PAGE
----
President Muhammadu Buhari and the Attorney General of the Federation (AGF), on Tuesday told a Federal High Court in Enugu that they were not opposed to the suit, challenging the attempt by the National Assembly to re-order the sequence of the 2019 elections through amendment of Electoral Act.
Dayo Akpata, the Solicitor General of the Federation and Permanent Secretary of Federal Ministry of Justice, made the position of both parties known at the hearing of the suit brought before the court by a chieftain of All Progressives Congress (APC), Chief Anike Nwoga.
The suit has the National Assembly and the Independent National Electoral Commission (INEC) as the 1st and 2nd defendants while President Buhari and AGF are 3rd and 4th respondents respectively.
Addressing the court presided over by Justice A.M. Liman, Akpata who came to court with a team of lawyers from the Federal Ministry of Justice, explained that by virtue of Section 4 Subsection 8 of the Nigerian constitution, the court has jurisdiction to entertain the matter, adding that the exercise of legislative powers of the National Assembly must be subject to review by the court.
Citing relevant cases including Habib vs. AGF, AGF vs. ANPP and Attorney General of Bendel State vs. Attorney General of the Federation, Akpata argued that if in the exercise of legislative powers conferred on the National Assembly by the constitution, there is a defect, as to say that a bill is not passed according to the law, the bill is null and void.
The Solicitor General of the Federation maintained that the Supreme Court could legislate on this issue, which constitutes a limitation to legislative powers.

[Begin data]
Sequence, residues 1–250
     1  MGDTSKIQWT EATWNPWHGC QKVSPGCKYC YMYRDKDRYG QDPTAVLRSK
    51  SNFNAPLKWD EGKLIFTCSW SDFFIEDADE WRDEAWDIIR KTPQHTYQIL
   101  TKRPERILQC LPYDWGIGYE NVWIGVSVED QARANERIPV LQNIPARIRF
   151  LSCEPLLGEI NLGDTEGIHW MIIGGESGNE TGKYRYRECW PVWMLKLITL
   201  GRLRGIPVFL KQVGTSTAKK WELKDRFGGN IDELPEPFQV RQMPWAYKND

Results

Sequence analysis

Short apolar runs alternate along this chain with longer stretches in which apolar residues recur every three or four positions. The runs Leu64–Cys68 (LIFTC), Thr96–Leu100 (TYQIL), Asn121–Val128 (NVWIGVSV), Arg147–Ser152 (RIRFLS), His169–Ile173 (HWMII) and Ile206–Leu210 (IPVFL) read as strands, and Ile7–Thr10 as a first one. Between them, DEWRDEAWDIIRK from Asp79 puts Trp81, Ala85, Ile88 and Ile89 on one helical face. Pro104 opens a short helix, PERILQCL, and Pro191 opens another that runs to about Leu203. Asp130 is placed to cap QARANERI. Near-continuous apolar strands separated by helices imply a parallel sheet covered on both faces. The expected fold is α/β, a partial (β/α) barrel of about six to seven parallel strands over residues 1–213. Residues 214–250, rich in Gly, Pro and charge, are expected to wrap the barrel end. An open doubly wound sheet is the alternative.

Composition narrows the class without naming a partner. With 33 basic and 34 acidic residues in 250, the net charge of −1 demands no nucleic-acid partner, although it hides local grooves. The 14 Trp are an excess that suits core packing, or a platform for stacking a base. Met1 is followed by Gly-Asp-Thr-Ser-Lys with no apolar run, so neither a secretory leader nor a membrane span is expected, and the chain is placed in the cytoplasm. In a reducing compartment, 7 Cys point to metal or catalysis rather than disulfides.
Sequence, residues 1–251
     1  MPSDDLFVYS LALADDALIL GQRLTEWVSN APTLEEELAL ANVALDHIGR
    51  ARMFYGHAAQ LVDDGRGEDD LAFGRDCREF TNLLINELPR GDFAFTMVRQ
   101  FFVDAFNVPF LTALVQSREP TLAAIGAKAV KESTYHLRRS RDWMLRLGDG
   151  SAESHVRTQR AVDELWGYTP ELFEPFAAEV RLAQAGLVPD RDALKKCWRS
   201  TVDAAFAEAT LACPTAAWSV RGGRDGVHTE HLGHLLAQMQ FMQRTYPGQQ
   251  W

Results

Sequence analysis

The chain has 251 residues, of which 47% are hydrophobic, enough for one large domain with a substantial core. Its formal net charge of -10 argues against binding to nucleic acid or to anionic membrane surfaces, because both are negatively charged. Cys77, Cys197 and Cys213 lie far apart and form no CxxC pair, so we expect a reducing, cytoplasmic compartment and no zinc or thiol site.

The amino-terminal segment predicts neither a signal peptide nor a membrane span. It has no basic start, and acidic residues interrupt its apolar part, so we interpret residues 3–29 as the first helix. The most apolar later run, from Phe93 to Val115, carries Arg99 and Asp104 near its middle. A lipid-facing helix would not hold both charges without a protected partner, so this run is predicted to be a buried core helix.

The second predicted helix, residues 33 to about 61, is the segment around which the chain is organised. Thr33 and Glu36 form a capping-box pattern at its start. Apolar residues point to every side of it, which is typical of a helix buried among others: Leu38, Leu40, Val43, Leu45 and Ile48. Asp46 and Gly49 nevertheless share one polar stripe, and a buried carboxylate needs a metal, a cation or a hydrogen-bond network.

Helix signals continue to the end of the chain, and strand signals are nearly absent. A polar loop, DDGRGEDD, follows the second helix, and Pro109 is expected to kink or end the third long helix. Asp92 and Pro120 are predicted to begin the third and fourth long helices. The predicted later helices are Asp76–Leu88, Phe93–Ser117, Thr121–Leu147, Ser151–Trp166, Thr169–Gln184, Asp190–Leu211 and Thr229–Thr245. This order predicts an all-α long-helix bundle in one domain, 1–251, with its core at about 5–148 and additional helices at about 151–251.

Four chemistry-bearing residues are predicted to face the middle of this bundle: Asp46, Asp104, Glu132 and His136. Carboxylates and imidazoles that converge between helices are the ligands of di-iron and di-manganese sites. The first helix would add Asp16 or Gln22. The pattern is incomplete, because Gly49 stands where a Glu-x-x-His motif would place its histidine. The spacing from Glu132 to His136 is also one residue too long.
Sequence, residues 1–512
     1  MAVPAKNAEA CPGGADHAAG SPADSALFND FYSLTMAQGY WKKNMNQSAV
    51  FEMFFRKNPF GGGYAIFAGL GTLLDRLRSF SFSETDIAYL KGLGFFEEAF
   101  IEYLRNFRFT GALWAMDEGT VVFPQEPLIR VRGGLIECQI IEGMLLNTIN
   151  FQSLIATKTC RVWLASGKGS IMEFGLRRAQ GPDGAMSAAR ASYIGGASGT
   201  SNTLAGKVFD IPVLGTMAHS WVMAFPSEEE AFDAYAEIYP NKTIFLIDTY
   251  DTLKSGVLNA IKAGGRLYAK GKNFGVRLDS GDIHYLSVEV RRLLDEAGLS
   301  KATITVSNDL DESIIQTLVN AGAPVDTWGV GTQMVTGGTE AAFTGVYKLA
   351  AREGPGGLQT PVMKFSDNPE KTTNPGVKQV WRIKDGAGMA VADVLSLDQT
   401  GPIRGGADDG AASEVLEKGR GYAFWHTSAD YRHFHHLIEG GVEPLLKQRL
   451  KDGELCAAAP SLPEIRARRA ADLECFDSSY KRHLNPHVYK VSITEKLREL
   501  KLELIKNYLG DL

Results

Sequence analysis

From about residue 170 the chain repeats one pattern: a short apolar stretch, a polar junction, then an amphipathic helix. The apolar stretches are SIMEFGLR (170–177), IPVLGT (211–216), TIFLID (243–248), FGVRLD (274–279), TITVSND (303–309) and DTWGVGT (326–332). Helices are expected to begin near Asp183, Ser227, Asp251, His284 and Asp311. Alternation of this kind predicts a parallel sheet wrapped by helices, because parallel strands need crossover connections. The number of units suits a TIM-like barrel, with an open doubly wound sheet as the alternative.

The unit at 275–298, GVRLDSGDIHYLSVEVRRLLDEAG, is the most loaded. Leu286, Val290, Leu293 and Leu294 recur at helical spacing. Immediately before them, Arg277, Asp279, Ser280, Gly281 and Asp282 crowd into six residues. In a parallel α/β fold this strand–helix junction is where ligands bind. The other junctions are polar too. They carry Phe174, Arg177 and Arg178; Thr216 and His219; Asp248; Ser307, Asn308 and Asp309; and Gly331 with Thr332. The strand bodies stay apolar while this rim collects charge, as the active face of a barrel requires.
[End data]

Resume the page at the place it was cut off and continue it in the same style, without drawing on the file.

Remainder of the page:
On whether the plaintiff (Nwoga) has the locus standi to institute the suit, Akpata made it clear that every citizen of the country has the right of access to justice when there is a breach of the constitution
He also drew attention of the court to the fact that the affidavit filed by the plaintiff has not been controverted.
On whether the subject matter is still a life issue, since it may have been overtaken by events, Akpata said, “the case of Amechi vs. Omehia makes it clear that constitutional issue can never be termed an academic exercise.”
Buttressing his argument with the case of CBN and Oladele Amao, he said a declaration could be made even where a matter has been rendered dead, if the issue in question has to do with the constitution.
Akpata added that the recent decision of the Abuja Federal High Court also looked at the same issues.
Making submissions earlier, Godwin Onwusi, the counsel to the plaintiff, urged the court to grant the five reliefs sought by his client.
Onwusi asked the Court to determine whether the National Assembly has the powers to compel INEC to conduct election in a particular sequence and even if they could, whether they could by law change the timetable already released by the electoral body before the passage of the bill.
The plaintiff’s counsel argued that case laws show that the National Assembly does not have such powers, as the powers given to INEC to supervise, conduct and organize elections is not subject to control by either the executive or the legislative arms of government.
Making his own submission, Chineme Onuoma, the counsel to INEC, the 2nd respondent, said the commission was neither opposed or in support of the suit.
The National Assembly was, however, not represented in Court and did not file any document.
After listening to the submissions of the parties in court, Justice Liman reserved judgment for May 18.